1018. Prevalence of bacteremia/fungemia and pneumonia in remission induction chemotherapy for adult acute myeloid leukemia from 1987 to 2005: Japan Adult Leukemia Study Group (JALSG).
Session: Poster Abstract Session: Bacteremia and Endocarditis
Friday, October 5, 2018
Room: S Poster Hall
  • IDweek2018_poster1018_Kato_JALSG.pdf (2.1 MB)
  • Background: Remission induction (RI) chemotherapy for acute myeloid leukemia (AML) is one of the most intensive chemotherapy available. Antibiotic prophylaxis and prompt treatment for infectious complications during RI chemotherapy plays a major role in supportive care.

    Methods: We retrospectively analyzed the infectious complications associated with RI chemotherapy listed in the Japan Adult Leukemia Study Group AML201 protocol, a nationwide study of de-novo AMLs, conducted between 2001 and 2005 in Japan. Of the 1057 cases initially included in the AML201 study, 980 cases with data on infectious complications during RI chemotherapy were analyzed. The incidences of infectious complications and the causative pathogens were compared with previous studies [(period A) 1987–1991, 577 cases; (B) 1992–1995, 669 cases; (C) 1995–1997, 531 cases; (D) 1997–2001, 808 cases; (E) 2001–2005, 980 cases].

    Results: In study period E, the causative pathogens of bacteremia/fungemia were Staphylococcus epidermidis (20.9%), S. aureus (11.6%), Streptococcus sp. (14.0%), and other Gram-positive bacteria (18.6%); P. aeruginosa(12.8%) and other Gram-negative bacteria (10.5%); and fungi (9.3%). Pathogens causing pulmonary infections were Aspergillus sp.(15.8%), P. aeruginosa (7.9%), and other Gram-negative bacteria (6.9%) and Gram-positive bacteria (3.0%). Pulmonary aspergillosis was diagnosed mainly using serological test. The prevalence of bacteremia/fungemia was reported in 11.8%, 9.4%, 8.7%, 9.2% and 8.3% of cases and pulmonary infections were reported in 24.6%, 16.9%, 13.9%, 12.9%, and 10.3% of cases in the study periods A, B, C, D and E, respectively. The incidence of Gram-negative bacteremia was significantly lower in period E compared with the periods A, B, and C (2.0% vs. 4.9%, 3.7%, and 3.4%, respectively).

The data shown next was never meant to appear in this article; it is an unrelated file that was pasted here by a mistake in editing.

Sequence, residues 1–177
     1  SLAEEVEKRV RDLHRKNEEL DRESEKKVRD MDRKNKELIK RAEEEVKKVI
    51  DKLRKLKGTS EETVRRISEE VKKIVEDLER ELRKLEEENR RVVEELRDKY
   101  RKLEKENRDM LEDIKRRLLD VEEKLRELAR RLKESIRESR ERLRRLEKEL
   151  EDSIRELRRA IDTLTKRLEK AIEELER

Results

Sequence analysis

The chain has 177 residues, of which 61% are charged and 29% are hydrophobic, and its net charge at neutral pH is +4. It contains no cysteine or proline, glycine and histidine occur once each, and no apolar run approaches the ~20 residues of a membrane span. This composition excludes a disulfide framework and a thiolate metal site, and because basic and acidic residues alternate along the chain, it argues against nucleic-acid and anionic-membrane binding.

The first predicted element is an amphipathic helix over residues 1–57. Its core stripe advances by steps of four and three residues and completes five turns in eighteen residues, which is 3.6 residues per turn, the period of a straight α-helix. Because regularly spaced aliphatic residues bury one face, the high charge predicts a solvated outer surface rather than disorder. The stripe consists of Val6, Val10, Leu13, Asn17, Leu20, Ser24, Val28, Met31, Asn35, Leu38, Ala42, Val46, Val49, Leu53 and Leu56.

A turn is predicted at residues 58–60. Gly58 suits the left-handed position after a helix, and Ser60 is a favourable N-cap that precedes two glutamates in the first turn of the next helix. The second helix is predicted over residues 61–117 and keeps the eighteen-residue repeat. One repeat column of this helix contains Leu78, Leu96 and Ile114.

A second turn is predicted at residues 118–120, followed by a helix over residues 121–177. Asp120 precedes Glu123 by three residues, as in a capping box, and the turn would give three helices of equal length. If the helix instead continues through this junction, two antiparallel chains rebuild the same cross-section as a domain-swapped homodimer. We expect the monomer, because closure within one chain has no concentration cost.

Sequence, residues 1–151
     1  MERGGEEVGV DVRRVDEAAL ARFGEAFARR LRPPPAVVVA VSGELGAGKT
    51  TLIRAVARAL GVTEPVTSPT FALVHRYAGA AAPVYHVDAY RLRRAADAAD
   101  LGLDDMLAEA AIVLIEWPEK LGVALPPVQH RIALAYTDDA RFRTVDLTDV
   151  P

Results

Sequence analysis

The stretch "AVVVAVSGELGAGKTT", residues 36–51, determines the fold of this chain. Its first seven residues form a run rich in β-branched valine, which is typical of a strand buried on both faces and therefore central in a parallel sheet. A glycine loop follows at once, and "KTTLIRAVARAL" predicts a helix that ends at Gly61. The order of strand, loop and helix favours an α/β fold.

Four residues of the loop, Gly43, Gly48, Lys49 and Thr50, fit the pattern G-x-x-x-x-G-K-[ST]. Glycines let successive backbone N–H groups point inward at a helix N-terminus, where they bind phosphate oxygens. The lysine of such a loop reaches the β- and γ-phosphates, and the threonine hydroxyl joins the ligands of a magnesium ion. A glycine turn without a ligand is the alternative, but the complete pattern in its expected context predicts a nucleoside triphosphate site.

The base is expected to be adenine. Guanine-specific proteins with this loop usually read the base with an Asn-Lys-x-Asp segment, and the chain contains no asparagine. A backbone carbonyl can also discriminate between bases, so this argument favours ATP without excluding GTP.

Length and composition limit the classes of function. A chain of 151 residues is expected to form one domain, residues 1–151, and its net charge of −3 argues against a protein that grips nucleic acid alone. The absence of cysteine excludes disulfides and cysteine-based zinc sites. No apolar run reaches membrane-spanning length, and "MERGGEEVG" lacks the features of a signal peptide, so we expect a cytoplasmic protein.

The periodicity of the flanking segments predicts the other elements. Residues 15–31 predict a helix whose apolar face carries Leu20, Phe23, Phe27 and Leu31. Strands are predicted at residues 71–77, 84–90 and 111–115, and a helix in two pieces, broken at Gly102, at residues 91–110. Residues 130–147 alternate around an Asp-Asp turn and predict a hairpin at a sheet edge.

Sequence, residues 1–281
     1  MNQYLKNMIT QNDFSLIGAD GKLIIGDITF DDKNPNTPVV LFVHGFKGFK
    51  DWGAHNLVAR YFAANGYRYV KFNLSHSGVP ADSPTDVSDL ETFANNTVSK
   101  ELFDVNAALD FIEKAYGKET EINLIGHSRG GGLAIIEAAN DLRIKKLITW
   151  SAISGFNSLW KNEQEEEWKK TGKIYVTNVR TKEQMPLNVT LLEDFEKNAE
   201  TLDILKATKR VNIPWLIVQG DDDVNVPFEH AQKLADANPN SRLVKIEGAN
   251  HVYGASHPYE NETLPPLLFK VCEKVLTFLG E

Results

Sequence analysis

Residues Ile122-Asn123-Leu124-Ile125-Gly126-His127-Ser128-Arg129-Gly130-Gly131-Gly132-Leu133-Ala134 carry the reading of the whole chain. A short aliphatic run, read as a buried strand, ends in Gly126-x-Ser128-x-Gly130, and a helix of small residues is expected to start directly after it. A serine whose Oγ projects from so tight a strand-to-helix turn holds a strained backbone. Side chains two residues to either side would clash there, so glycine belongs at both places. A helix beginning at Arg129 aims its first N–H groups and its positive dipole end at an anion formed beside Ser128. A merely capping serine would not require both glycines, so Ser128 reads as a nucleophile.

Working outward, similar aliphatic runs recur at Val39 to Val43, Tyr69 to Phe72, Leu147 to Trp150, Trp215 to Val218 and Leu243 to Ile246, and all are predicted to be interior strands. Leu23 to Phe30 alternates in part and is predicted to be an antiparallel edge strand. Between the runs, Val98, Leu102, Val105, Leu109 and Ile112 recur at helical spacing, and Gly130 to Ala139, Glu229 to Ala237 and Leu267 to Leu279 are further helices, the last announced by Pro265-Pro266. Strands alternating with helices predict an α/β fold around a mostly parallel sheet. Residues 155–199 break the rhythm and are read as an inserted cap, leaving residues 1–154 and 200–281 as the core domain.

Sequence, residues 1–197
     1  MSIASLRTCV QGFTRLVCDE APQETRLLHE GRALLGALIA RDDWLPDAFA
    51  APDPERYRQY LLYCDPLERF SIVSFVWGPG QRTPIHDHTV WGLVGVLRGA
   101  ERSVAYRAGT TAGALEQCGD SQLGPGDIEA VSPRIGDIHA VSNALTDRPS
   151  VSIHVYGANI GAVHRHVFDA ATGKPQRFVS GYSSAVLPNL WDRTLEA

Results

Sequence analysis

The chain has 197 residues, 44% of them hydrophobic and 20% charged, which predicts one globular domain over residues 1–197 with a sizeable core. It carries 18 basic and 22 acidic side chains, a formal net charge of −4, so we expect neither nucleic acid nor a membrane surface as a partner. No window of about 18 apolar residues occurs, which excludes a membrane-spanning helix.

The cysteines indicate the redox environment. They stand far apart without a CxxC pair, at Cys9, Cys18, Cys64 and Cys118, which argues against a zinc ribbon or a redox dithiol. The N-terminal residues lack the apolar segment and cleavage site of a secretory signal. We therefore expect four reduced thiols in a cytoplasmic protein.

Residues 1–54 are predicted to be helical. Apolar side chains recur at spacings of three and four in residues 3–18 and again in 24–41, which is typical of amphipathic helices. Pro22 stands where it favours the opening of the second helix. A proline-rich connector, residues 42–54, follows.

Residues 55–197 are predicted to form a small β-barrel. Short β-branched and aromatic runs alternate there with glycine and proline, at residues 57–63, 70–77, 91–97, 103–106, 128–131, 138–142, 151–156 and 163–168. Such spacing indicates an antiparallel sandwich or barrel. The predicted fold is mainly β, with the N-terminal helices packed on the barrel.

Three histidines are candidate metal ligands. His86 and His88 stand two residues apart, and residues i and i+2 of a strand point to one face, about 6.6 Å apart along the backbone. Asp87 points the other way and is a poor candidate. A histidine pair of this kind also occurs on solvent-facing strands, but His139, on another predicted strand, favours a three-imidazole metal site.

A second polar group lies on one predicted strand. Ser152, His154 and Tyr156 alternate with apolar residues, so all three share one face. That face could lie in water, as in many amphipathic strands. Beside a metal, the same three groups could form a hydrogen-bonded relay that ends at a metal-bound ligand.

Conclusion: The prevalence of Gram-positive bacteremia and pulmonary aspergillosis was higher in period E than in the periods A–D. This trend was possibly due tothe wide use of fluoroquinolone prophylaxis in neutropenic patients and high performance of the serological test for aspergillosis. Sufficient monitoring for Gram-positive bacterial infection and mold infection is therefore essential during RI chemotherapy for AML.

    Hideaki Kato, MD, Dept. of Hematology and Clinical Immunology, Yokohama City Univ. School of Medicine, Yokohama, Japan, Hiroyuki Fujita, MD, Department of Hematology, Saiseikai Yokohama Nanbu Hospital, Yokohama, Japan, Nobu Akiyama, MD, Department of Internal Medicine, Teikyo University School of Medicine, Tokyo, Japan, Shun-Ichi Kimura, MD, Division of Hematology, Saitama Medical Center, Jichi Medical Univ., Saitama, Japan, Nobuhiro Hiramoto, MD, Dept. of Hematology, Kobe City Medical Center General Hosp., Kobe, Japan, Naoko Hosono, MD, Dept. of Hematology and Oncology, Univ. of Fukui, Eiheiji-cho, Japan, Tsutomu Takahashi, MD, Dept. of Oncology/Hematology, Shimane Univ. Hosp., Izumo, Japan, Kazuyuki Shigeno, MD, Dept. of Hematology and Oncology, Hamamatsu Medical Center, Hamamatsu, Japan, Hitoshi Minamiguchi, MD, Dept. of Gastroenterology and Hematology, Shiga Univ. of Medical Science, Otsu, Japan, Junichi Miyatake, MD, Dept. of Hematology and Oncology, Sakai Hosp. Kinki Univ. Faculty of Medicine, Osaka-Sayama, Japan, Hiroshi Handa, MD, Dept. of Hematology and Oncology, Gunma Univ. Graduate School of Medicine, Maebashi, Japan, Yoshinobu Kanda, MD, Division of Hematology, Dept. of Medicine, Jichi Medical Univ., Tokyo, Japan, Minoru Yoshida, MD, Fourth Dept. of Internal Medicine, Teikyo Univ. School of Medicine, Mizonokuchi Hosp., Kawasaki, Japan, Shuichi Miyawaki, MD, Dept. of Transfusion, Tokyo Metropolitan Ohtsuka Hosp., Tokyo, Japan, Shigeki Ohtake, MD, Kanazawa Univ., Kanazawa, Japan, Tomoki Naoe, MD, National Hosp. Organization Nagoya Medical Center, Nagoya, Japan, Hitoshi Kiyoi, MD, Dept. of Hematology and Oncology, Nagoya Univ. Graduate School of Medicine, Nagoya, Japan, Itaru Matsumura, MD, Dept. of Hematology and Rheumatology, Kinki Univ. Faculty of Medicine, Osaka-Sayama, Japan and Yasushi Miyazaki, MD, Dept. of Hematology and Molecular Medicine Unit, Nagasaki Univ. Graduate School of Biomedical Sciences, Atomic Bomb Disease Institute, Nagasaki, Japan


    H. Kato, None

    H. Fujita, None

    N. Akiyama, None

    S. I. Kimura, None

    N. Hiramoto, None

    N. Hosono, None

    T. Takahashi, None

    K. Shigeno, None

    H. Minamiguchi, None

    J. Miyatake, None

    H. Handa, None

    Y. Kanda, None

    M. Yoshida, None

    S. Miyawaki, None

    S. Ohtake, None

    T. Naoe, None

    H. Kiyoi, None

    I. Matsumura, None

    Y. Miyazaki, None

    Findings in the abstracts are embargoed until 12:01 a.m. PDT, Wednesday Oct. 3rd with the exception of research findings presented at the IDWeek press conferences.